9. Vice

Predicted Gross: $7.2 million (Friday to Sunday); $14.8 million (Tuesday to Sunday)

10. Ralph Breaks the Internet

Predicted Gross: $5.2 million

Box Office Results (December 2123)

The pre-Christmas frame saw a slew of new debuts and they nearly all came in with less than I anticipated. It’s worth noting that most of these holidays numbers are not yet final and I’ll fill in those verified grosses once they occur.

As expected, Aquaman logged the #1 spot with $68 million, under my $77.3 million. I expect the DC effort to dip in the mid 20s this coming weekend. When factoring in early preview numbers, it’s made $72.7 million thus far.

Disney’s Mary Poppins Returns opened in second with less with anticipated returns grossing $23.5 million over the weekend and $32.3 million since its Wednesday beginning. That’s quite a bit under my respective projections of $34.8 million and $52.2 million. The well-reviewed sequel will hope for leggy earnings as the weeks roll along.

Bumblebee took third with $21.6 million, premiering under my $26.2 million prediction. The Transformers prequel actually had the best critical reaction of the newcomers and also has a shot of playing well in the coming weeks.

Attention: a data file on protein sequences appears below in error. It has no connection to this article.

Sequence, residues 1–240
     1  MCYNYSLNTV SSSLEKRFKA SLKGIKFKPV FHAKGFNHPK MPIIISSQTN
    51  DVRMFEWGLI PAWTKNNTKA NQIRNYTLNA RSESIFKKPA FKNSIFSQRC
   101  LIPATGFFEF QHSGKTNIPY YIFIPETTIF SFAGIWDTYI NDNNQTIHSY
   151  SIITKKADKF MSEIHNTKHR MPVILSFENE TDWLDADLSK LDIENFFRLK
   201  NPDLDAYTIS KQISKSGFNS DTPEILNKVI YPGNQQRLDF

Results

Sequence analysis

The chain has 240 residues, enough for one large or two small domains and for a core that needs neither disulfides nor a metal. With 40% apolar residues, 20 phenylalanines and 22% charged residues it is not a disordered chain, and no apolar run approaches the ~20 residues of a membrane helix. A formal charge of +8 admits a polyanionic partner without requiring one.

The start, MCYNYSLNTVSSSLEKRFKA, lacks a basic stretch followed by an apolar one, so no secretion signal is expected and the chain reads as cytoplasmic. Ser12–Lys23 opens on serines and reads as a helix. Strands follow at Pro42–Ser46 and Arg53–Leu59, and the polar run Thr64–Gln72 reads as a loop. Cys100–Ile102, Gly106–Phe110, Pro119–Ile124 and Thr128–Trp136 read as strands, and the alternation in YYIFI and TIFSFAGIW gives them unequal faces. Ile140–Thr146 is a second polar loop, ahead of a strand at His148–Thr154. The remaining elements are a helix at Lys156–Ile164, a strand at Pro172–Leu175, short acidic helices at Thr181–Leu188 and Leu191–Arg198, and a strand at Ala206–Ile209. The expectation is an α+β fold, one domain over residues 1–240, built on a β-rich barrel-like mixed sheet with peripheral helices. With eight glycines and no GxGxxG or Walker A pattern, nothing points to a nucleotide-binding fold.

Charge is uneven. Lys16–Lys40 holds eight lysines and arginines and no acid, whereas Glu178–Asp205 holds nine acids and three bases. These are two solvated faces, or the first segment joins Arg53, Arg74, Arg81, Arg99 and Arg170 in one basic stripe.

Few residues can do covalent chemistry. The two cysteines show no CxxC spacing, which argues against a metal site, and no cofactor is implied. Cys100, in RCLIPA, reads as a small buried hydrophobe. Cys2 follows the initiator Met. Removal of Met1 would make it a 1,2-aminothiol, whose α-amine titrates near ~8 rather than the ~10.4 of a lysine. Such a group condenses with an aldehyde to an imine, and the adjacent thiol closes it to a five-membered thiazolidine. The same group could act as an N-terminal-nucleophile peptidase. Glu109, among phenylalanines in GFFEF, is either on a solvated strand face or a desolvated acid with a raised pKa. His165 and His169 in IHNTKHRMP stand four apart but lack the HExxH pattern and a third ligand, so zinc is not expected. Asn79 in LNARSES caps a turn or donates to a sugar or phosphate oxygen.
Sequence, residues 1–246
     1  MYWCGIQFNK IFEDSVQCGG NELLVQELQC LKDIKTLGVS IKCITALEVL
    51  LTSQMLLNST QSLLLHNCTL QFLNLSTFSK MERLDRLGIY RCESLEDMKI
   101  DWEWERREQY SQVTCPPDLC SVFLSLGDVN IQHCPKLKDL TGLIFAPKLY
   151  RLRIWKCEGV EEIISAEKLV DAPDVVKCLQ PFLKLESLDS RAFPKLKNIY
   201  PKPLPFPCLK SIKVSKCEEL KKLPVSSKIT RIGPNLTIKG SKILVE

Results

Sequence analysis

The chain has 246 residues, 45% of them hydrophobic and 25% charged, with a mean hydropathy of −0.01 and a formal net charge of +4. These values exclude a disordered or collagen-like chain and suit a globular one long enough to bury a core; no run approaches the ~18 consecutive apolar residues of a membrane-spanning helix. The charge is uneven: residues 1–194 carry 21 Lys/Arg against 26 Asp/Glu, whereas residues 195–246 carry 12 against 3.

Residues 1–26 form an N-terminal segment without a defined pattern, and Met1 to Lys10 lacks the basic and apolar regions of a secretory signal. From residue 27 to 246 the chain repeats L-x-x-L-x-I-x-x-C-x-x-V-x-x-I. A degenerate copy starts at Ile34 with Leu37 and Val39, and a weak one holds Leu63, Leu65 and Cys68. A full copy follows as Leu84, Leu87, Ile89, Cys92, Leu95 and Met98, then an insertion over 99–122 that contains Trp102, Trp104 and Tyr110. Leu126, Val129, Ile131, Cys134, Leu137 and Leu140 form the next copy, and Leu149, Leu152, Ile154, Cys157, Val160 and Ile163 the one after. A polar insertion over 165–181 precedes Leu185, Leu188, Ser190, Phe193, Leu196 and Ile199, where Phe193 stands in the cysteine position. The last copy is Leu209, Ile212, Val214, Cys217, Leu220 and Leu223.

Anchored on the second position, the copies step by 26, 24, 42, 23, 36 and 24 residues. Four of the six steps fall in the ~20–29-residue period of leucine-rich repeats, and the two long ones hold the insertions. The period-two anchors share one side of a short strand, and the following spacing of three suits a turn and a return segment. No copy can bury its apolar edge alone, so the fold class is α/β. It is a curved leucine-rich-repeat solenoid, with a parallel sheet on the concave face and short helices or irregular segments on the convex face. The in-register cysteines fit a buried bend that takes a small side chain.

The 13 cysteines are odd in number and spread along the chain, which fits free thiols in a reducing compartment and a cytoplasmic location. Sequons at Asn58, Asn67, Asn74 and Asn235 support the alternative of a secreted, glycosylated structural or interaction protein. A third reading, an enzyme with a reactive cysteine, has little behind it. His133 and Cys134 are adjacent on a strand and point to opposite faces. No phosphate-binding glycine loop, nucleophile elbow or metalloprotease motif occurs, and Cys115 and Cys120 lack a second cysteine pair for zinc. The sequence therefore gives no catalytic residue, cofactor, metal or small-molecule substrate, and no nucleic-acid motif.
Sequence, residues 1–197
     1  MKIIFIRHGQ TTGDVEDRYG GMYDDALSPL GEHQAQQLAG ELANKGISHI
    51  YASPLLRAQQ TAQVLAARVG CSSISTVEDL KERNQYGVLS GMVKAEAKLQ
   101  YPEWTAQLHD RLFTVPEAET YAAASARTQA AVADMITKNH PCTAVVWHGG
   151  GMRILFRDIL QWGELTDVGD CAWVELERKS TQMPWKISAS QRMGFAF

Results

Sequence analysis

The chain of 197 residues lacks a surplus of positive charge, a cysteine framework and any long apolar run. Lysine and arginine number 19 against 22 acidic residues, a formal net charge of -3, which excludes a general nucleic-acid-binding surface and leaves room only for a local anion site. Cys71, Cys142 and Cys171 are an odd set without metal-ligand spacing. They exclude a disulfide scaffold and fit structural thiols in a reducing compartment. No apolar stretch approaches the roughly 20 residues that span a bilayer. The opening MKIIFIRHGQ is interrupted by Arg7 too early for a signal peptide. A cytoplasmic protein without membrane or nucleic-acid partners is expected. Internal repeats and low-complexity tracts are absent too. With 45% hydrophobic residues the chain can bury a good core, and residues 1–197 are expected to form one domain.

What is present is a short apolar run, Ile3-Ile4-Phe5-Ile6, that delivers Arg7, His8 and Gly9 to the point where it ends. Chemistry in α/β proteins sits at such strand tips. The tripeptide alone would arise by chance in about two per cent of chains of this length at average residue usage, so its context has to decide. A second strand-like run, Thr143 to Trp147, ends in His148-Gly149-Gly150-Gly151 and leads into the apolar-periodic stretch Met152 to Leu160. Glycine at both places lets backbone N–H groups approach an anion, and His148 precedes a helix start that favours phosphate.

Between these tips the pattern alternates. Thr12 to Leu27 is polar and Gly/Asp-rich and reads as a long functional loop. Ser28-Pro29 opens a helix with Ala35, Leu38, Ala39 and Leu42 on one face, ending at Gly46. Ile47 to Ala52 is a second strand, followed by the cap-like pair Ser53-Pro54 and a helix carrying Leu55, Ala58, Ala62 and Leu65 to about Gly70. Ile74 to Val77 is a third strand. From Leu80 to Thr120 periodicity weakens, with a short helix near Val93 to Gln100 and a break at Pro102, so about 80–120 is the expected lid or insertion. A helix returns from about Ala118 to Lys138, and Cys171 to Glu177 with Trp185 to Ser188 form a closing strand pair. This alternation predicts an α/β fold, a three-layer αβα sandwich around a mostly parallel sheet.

SpiderMan: Into the SpiderVerse fell to fourth in its sophomore outing with $16.6 million (I was higher at $20.1 million). The acclaimed animated hero tale is up to $64 million.

Clint Eastwood’s The Mule rounded out the top five at $9.5 million (I said $10.2 million) for $35 million at press time.

Jennifer Lopez’s romantic comedy Second Act debuted in seventh place with $6.4 million. I was right there at $6.5 million.

Finally, the poorly reviewed Steve Carell drama Welcome to Marwen was a massive flop in ninth place with $2.3 million, not even matching my $3.8 million take. This is quite the costly bomb for its studio.

And that does it for now, folks! Until next time…

Box Office Predictions: December 21-23